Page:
A concert is being planned along the DMZ between the two Koreas. This is a good sign, yes?

A couple of years ago, I had a chance to visit the DMZ in Panmunjeom along the border between North and South Korea. It’s a freaky place, the most heavily-armed border anywhere in the world. Part of the tour took us inside the Peace Hut, one of the blue buildings that straddle the border. By walking around to the north side of the conference table in the exact centre of the room, ended up about three metres inside North Korea.

If Kim Jong-Un is serious about denuclearization, the DMZ could become a lot less freaky. But a group of musicians can’t wait for the Korean War to officially come to an end. They plan to stage a music festival along the border.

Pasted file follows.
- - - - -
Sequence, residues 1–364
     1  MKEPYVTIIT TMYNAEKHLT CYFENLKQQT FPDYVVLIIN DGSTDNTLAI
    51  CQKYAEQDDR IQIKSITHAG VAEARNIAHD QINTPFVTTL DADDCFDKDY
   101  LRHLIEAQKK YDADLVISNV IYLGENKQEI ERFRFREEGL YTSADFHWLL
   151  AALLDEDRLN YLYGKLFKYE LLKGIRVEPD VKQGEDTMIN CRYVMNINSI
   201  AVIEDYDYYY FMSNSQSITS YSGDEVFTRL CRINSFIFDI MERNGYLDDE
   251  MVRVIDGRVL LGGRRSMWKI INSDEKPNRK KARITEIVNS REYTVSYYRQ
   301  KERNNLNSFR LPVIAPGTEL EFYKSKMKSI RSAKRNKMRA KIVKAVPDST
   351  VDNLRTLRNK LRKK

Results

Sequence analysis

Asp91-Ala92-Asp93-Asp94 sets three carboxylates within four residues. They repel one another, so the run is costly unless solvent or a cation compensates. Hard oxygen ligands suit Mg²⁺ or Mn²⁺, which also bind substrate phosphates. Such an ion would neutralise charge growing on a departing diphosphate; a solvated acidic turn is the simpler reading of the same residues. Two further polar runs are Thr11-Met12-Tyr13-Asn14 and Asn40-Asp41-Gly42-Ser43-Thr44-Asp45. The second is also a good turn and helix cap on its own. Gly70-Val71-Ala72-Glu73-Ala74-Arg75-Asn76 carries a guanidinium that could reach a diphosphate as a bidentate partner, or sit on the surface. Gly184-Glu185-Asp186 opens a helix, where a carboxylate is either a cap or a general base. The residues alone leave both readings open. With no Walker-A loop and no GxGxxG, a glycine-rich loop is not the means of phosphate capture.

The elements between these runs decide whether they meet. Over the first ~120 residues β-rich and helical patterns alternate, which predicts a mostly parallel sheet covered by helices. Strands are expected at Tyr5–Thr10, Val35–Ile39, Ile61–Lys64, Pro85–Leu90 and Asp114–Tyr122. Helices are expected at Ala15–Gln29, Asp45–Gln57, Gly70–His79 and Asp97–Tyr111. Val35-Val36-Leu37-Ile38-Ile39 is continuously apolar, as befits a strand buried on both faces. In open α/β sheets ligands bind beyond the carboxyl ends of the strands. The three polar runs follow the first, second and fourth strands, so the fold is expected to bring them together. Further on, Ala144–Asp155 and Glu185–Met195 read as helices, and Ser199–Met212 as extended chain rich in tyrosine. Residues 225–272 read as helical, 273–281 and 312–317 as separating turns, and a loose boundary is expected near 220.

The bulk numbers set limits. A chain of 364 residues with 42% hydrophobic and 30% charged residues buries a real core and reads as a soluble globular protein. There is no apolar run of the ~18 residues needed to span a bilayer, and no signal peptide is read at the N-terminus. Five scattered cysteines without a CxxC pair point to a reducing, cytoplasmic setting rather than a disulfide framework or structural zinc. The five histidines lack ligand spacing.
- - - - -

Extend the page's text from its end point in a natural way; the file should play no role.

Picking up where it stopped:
According to Digital Music News, a bunch of acts from South Korean, North Korea, Japan, Palestine(!!!), Taiwan and even the UK have pledged to participate.

No, the gig won’t be held within the actual DMZ–too complicated politically, too complex logistically, and, crucially, too many landmines. And no, North Koreans probably won’t be able to attended. But I’m guessing they’ll be able to hear it.

The dates for the free festival are set for June 21-24.

 

Alan Cross

is an internationally known broadcaster, interviewer, writer, consultant, blogger and speaker. In his 30+ years in the music business, Alan has interviewed the biggest names in rock, from David Bowie and U2 to Pearl Jam and the Foo Fighters. He’s also known as a musicologist and documentarian through programs like The Ongoing History of New Music.

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